Isserlis and Melnikov, the odd couple

Steven Isserlis/Alexander Melnikov, Wigmore Hall, 21.21.18

At first glance, Steven Isserlis and Alexander Melnikov might seem an odd couple – a mop-headed weirdo with a cello, and a priest-like presence at the piano. But both are distinguished solo recitalists, and they make an exceptionally fine duo. They also make a point of serving up something more intriguing than the core repertoire. Their programme at the Wigmore consisted of four Russian cello sonatas, two of which showed great composers in an unfamiliar light, with the other two – which it was a safe guess nobody in the audience had heard – being by virtuoso pianists. The hall was sold out, partly thanks to these musicians’ respective followings, and partly because of the unusual fare.

Steven Isserlis playing cello (c) Satoshi AoyagiSteven Isserlis playing cello ©Satoshi Aoyagi

All the world knows about Evgeny Kissin’s pianistic artistry, but his compositions have been growing in secret. His Sonata-Ballade for cello and piano proved a coolly intricate construction, not so much a dialogue as two parallel monologues in which one (the piano) gradually came to decorate the other; Kissin’s achievement was to make the piece feel like one single continuous thought.

Mikhail Pletnev has apparently described the final movement of his Cello Sonata as ‘an elegy for music’, and as it slowly died away, leaving a long cello melody singing in a deserted landscape, that message was clear. I assume Pletnev was indicating the death of his beloved classical tradition: the other two movements reflected his hard-edged musical imagination going at full tilt – playful, ironical, precise, and full of surprises, just like his pianism.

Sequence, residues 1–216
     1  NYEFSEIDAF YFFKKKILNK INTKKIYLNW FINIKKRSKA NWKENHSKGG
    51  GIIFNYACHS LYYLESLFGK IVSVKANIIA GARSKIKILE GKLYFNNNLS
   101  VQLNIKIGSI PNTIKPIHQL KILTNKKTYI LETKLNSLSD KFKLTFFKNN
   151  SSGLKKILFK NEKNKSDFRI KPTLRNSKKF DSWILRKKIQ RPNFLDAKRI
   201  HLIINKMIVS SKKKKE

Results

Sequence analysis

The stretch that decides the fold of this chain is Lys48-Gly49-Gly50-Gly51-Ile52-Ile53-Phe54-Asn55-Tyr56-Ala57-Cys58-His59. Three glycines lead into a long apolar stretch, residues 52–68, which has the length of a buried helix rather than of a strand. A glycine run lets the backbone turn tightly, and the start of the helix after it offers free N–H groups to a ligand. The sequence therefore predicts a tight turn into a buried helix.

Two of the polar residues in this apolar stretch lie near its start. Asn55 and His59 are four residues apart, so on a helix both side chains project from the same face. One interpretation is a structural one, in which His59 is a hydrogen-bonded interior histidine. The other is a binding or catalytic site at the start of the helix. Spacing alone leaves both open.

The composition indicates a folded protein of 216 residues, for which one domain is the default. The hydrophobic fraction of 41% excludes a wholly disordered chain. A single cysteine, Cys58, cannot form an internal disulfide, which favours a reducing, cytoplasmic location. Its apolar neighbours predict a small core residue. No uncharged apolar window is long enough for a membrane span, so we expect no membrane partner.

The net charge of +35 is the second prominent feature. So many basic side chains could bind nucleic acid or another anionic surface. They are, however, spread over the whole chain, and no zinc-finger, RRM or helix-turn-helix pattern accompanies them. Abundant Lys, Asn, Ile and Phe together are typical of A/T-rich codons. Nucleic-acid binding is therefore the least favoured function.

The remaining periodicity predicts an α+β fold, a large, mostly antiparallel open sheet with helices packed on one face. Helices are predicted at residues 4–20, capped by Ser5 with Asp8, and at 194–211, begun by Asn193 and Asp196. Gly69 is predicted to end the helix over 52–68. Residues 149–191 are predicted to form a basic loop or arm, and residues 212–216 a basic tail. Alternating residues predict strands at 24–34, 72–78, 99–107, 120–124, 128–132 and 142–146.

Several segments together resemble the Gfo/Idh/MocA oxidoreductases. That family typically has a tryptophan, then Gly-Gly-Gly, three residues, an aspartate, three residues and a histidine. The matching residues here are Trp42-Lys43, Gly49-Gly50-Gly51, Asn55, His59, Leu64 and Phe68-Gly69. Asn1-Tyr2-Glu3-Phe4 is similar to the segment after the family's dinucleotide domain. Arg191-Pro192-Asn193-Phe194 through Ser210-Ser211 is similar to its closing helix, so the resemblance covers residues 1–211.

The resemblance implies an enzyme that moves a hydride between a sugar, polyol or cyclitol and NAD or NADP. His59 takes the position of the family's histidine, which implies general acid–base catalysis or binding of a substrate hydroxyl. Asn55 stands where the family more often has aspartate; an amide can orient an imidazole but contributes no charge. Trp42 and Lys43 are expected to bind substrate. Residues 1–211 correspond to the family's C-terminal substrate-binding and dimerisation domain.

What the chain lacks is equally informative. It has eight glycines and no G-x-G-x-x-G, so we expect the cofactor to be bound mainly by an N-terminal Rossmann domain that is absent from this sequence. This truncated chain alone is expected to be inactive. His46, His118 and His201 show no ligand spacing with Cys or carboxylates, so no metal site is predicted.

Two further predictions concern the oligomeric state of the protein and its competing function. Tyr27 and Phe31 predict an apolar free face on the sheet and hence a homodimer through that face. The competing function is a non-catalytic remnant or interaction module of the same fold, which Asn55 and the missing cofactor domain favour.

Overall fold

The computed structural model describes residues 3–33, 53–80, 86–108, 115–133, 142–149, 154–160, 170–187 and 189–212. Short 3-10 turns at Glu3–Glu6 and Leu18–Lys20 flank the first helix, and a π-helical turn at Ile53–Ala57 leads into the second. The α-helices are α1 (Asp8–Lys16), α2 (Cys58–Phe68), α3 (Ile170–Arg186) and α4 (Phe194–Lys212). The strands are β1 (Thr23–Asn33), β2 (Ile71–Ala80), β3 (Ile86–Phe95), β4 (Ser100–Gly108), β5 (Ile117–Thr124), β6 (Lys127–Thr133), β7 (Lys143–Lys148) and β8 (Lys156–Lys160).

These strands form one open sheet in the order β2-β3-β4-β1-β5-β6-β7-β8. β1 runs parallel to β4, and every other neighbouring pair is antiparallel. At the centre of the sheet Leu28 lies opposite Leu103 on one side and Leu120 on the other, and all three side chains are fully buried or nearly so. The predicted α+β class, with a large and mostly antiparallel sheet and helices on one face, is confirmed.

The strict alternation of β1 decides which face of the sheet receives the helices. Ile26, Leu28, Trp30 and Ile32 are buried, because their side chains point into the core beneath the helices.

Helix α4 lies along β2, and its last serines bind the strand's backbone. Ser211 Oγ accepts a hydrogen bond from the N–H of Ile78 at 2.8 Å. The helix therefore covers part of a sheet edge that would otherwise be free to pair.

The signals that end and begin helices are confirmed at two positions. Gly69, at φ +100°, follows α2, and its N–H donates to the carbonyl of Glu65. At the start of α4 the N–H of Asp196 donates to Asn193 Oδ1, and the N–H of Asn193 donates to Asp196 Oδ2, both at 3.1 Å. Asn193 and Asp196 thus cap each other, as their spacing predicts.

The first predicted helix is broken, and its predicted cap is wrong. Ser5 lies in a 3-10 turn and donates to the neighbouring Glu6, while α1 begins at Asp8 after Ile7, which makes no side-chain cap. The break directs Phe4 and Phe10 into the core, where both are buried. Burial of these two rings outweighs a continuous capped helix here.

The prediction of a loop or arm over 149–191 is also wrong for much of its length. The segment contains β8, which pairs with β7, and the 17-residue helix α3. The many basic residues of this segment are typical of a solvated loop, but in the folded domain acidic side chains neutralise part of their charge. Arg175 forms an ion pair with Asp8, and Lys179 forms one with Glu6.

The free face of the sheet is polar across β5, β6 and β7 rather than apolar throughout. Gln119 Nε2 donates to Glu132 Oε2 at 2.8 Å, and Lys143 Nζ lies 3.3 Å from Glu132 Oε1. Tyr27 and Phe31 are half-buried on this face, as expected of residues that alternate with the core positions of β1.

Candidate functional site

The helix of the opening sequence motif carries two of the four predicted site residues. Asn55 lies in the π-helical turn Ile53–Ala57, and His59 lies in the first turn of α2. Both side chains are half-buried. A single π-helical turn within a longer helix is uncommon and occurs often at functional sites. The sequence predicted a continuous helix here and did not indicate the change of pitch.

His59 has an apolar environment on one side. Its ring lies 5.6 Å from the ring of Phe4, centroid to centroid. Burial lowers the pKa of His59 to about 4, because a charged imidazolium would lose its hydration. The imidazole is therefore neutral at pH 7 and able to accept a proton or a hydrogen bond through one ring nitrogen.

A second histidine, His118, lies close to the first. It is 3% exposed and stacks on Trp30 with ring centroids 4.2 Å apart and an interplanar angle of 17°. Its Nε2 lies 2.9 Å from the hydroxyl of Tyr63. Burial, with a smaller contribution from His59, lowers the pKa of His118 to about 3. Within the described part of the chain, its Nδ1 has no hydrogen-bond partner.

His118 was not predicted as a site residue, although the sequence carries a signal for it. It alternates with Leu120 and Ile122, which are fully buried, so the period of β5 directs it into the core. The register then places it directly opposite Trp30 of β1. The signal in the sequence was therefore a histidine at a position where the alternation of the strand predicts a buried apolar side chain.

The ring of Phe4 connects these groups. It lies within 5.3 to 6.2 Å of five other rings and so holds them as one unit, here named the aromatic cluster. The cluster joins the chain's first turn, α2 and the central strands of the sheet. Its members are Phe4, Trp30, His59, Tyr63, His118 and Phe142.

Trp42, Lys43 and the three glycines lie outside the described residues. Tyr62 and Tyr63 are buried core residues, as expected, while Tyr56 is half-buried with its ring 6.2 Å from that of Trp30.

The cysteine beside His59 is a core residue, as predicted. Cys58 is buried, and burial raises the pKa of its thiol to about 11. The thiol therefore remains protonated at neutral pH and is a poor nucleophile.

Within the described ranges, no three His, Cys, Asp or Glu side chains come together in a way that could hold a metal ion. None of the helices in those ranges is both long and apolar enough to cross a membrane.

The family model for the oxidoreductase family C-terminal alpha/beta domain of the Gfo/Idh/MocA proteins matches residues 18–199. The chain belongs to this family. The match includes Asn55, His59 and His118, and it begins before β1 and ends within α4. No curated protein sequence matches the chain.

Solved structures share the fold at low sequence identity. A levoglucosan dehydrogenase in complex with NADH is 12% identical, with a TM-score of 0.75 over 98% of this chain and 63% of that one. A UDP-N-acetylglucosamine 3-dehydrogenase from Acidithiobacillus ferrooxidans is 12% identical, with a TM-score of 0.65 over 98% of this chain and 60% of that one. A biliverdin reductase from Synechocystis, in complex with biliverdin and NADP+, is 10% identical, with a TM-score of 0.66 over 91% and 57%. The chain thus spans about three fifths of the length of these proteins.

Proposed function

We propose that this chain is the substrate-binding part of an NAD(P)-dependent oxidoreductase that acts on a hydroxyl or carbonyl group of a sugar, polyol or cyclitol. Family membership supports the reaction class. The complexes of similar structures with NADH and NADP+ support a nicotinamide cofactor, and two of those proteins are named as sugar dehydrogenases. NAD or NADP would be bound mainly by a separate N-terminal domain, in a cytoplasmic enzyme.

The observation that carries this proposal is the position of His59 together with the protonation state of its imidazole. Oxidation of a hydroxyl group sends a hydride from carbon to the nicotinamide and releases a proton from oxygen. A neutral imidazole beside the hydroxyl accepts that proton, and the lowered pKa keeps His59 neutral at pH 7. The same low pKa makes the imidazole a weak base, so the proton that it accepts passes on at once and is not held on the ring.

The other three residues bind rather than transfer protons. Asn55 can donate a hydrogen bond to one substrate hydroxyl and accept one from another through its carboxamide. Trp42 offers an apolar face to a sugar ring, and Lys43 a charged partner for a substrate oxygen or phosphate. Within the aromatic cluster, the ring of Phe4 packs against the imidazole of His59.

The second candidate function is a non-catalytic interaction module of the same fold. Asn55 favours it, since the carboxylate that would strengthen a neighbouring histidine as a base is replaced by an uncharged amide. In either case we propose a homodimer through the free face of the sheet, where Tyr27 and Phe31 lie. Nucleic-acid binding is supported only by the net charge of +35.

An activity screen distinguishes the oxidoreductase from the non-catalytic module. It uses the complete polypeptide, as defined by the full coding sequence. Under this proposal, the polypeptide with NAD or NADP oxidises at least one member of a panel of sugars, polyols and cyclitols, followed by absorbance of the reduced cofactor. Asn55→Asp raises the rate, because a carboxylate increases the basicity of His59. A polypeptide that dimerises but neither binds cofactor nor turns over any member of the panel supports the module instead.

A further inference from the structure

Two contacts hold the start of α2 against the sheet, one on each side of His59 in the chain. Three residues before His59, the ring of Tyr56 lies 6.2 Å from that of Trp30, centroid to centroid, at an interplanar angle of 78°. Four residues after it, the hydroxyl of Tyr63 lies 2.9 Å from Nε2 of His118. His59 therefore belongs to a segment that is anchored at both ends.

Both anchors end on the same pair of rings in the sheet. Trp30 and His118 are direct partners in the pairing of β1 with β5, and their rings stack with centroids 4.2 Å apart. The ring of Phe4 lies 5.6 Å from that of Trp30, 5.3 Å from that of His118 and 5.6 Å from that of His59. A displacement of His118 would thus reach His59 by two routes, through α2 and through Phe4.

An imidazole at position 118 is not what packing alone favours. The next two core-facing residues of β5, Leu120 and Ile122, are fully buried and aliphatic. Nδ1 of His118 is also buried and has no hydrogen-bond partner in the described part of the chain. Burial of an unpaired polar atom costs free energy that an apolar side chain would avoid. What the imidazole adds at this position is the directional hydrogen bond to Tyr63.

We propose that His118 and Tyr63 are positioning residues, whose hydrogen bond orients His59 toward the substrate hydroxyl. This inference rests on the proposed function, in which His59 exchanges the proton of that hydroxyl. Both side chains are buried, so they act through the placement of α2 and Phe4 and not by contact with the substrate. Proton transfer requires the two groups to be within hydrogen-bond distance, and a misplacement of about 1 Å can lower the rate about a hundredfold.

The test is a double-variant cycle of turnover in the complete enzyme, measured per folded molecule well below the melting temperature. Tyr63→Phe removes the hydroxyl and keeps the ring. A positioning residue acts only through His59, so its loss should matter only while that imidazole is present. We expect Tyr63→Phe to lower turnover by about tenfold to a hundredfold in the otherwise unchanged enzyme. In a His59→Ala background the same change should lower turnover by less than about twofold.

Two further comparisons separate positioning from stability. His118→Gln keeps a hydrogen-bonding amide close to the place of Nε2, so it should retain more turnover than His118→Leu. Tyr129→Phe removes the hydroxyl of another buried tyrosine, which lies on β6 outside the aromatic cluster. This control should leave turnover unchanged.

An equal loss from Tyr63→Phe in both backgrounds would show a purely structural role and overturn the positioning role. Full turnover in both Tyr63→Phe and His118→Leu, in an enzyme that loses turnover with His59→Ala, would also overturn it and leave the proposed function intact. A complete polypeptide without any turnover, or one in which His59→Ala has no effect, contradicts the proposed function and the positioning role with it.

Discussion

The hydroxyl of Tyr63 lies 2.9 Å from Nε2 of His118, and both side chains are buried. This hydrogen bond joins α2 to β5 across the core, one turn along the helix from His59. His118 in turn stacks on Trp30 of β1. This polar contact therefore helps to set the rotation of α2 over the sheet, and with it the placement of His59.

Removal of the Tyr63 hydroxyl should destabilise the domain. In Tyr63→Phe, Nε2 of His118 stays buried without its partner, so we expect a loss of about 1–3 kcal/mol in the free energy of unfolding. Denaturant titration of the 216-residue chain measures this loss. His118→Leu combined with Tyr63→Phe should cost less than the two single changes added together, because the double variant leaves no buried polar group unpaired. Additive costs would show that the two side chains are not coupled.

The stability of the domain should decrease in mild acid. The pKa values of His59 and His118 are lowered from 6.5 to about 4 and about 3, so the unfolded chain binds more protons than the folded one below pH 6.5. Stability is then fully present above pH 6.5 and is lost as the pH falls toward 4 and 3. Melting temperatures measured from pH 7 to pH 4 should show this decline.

Alexander Melnikov (c) Molina VisualsAlexander Melnikov ©Molina Visuals

Shostakovich’s Cello Sonata in D minor was written in 1934, and reflects the composer happily at work at a time when he felt free to explore his ideas without any fear of the political consequences. The first movement’s alternation between gentle lyricism and thickening textures plus darkening moods gives way to a wild dance, a Largo adumbrating some of the slow movements of his later symphonies, and a finale in which one can sense him relishing what he himself could do as both composer and pianist. Rachmaninov’s Cello Sonata in G minor Opus 19 was the expected high point of this recital, addressing us out of the high Romantic tradition with the aid of that composer’s inimitable lyric gift and his glorious piano writing. Like everything else in this programme, this seldom-played work was delivered with supreme accomplishment.

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